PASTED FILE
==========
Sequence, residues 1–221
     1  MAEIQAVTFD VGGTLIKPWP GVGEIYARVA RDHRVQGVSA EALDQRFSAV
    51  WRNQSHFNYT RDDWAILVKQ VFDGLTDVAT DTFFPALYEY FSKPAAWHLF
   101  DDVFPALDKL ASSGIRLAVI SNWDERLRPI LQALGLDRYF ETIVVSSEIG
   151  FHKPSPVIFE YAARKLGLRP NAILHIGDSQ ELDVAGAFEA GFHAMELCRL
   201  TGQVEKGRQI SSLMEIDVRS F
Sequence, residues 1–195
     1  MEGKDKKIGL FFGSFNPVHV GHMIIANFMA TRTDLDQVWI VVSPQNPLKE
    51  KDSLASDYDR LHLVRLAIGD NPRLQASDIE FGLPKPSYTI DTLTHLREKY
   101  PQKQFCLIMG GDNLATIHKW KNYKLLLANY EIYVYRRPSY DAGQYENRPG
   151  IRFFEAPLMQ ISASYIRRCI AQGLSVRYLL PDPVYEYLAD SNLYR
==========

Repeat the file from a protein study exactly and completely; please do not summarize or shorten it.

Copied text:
Sequence, residues 1–221
     1  MAEIQAVTFD VGGTLIKPWP GVGEIYARVA RDHRVQGVSA EALDQRFSAV
    51  WRNQSHFNYT RDDWAILVKQ VFDGLTDVAT DTFFPALYEY FSKPAAWHLF
   101  DDVFPALDKL ASSGIRLAVI SNWDERLRPI LQALGLDRYF ETIVVSSEIG
   151  FHKPSPVIFE YAARKLGLRP NAILHIGDSQ ELDVAGAFEA GFHAMELCRL
   201  TGQVEKGRQI SSLMEIDVRS F
Sequence, residues 1–195
     1  MEGKDKKIGL FFGSFNPVHV GHMIIANFMA TRTDLDQVWI VVSPQNPLKE
    51  KDSLASDYDR LHLVRLAIGD NPRLQASDIE FGLPKPSYTI DTLTHLREKY
   101  PQKQFCLIMG GDNLATIHKW KNYKLLLANY EIYVYRRPSY DAGQYENRPG
   151  IRFFEAPLMQ ISASYIRRCI AQGLSVRYLL PDPVYEYLAD SNLYR